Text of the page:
I recently acquired an amazing book, Treasury of Prayer by Fr. Lawrence G. Lovasik. To read about Fr. Lovasik, you can go to his autobiography at the Catholic Authors' website. (That site is a very worthwhile place. It has biographies and autobiographies of the men and women who've bequeathed literary treasures to the Church such as Antonia White, Sigrid Undset, Robert Hugh Benson, Graham Greene, Evelyn Waugh and many others). Treasury of Prayer is aptly named; it's full of breathtaking and inspiring prayers from older days, when men seemed less abashed at the prospect of being overwhelmed with headlong, eloquent, and innocent love for Jesus, His Church, her Sacraments and His Saints. (The book's imprimatur was granted in 1952; the very idea that a book of Catholic prayers might require an imprimatur shows you how old it is). There are hundreds of prayers here -- aspirations, novenas, litanies, morning prayers, day prayers, evening prayers. There are prayers for the sacraments, particularly for the Eucharist and Reconciliation.
Fr. Lovasik's Treasury doesn't have any of those ponderous meditations that cumber older prayerbooks like tangles of overgrown hedges. The prayers he chose for the Treasury are as fresh and vivid as the day they were first offered to God. Included, for example, is a love-hymn by St. Teresa of the Child Jesus (a/k/a St. Therese of Lisieux), a perfect prayer for someone who's received the Eucharist:
Jesus, now You fill my heart to overflowing. My dear Saviour, repose in my heart, for it belongs to You. Only self-surrender places me in Your arms and lets me feed on the Bread of Love reserved for Your chosen ones.
Jesus, when I love You I love the Father, and my poor heart is united with Him. O Holy Trinity, You are the Prisoner of my love!
My Beloved, Supreme Beauty, You have given Yourself to me. I love You in return, my Saviour. Only make of my life one great act of love. I cannot receive You in Holy Communion as often as I wish, but, dear Lord, are You not all-powerful? Remain in my heart as in the Tabernacle, and never leave me.
Jesus, You are my peace, my happiness, my only love. My God, You know that I have desired nothing but to love You alone. I desire no other glory. I am weak and feeble, but it is my being like a child that makes me dare to offer myself as a sacrifice to Your love, my Jesus.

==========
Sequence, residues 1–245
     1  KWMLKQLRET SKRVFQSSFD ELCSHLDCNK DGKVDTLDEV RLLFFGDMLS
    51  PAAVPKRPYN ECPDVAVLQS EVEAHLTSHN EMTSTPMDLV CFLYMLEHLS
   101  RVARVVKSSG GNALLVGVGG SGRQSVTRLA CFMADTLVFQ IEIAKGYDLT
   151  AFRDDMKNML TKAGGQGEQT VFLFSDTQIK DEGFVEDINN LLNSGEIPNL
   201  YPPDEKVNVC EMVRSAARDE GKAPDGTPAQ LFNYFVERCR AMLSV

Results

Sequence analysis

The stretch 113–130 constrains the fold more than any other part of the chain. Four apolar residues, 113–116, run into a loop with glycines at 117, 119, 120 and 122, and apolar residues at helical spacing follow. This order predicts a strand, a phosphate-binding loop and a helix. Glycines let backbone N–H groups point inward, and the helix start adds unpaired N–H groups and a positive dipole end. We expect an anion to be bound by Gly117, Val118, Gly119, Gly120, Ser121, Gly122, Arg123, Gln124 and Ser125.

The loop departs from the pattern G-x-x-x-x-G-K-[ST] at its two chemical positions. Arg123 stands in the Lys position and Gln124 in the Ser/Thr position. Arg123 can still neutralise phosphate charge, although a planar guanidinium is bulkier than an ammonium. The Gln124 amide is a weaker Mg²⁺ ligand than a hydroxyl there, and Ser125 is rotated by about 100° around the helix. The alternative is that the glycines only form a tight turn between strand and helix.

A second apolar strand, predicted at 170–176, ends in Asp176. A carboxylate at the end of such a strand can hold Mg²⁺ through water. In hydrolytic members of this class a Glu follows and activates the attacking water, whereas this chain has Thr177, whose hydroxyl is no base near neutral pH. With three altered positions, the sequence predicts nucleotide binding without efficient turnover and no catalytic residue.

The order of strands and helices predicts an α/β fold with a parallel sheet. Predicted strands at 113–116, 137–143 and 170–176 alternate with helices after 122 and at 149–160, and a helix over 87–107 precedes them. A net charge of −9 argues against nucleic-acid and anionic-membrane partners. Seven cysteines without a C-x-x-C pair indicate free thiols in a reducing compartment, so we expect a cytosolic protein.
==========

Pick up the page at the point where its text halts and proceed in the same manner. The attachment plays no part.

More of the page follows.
Give me a thousand hearts, that I may love You; but even these are not enough, O Supreme Beauty. Give me Your Sacred Heart itself with which to love You. May Your Heart preserve my innocence. I place my hope in You, O Lord, that after this life I may see You in Heaven.
Although You have the seraphim in Your heavenly court, yet You seek my love. You desire my heart. Jesus, I give it to You. I have no other way to prove my love for You but to throw flowers before You, that is, to let no sacrifice, word, or look escape; to draw profit from the smallest actions and to do them for love.
I love You, my Jesus, and I give myself to You forever. Give me the grace, O Lord, to live by love. You alone can satisfy my soul, for I must love You for all eternity.,
The grace that I especially ask, my Jesus, is never to offend You. I fear only one thing, my God, to do my own will. Then take it, for I choose all that You choose. My gifts are all unworthy, and so I offer You my very soul, most loving Saviour. I offer myself to You that You may perfectly accomplish in me Your holy designs. I will not allow anything created to hinder You from doing Your holy Will in me.
How many of us care enough, are brave enough, to bare ourselves so completely to anyone, let alone to our very own omniscient and divine lover? This is why Catholics love books of prayers. We always have, and always will, because the Lord has made us very wise about such things.
Christians of a certain culture hoot derisively at our affection for "meaningless, pre-packaged formulas that bounce off the ceiling" because they're not "free, open, and truly from the heart." If such Christians lived by their own standards, they'd burn their hymn-books and allow only impromptu whistling to accompany their worship. Complaints like these demand ignorance of a truth all lovers instinctively know: There's no shame in humbly joining another's words to one's own overwhelming, inarticulate desires. Our books of prayers are no different from the hymnals, organs or (may God give them grace to abjure it) electric-guitars and drumsets which can be variously found in Reformed churches. Like the hymns of old, the prayers of the saints help us bring our own deep longings into a more conscious, recognizable form. They make our faith visible to ourselves. They affirm the "venerable communion" that flows through all our loves for Him, both across time and within time. Like hand-holds left by earlier climbers to the same summit, the prayers of great lovers help us climb above our present state. They show us who we really are, and who we could more completely be.
Prayerbooks like Fr. Lovasik's should be found in every home, purse, briefcase, and glove-box. These gems of devotion may be prayed intensely, or read queitly as poetic essays on the glory and mystery of our lives in God's love -- that too, is prayer. There's no point to having such a book except faith in God and His Church, and so allowing one into your life is itself an act of faith in Him who makes us who we really are, and who we could more completely be. If you wish to acquire Fr. Lovasik's collection, you can do so at Roman Catholic Books. (I'm not too fond of all their offerings, but they've got the right stuff in this one) or from St. Joan of Arc Books.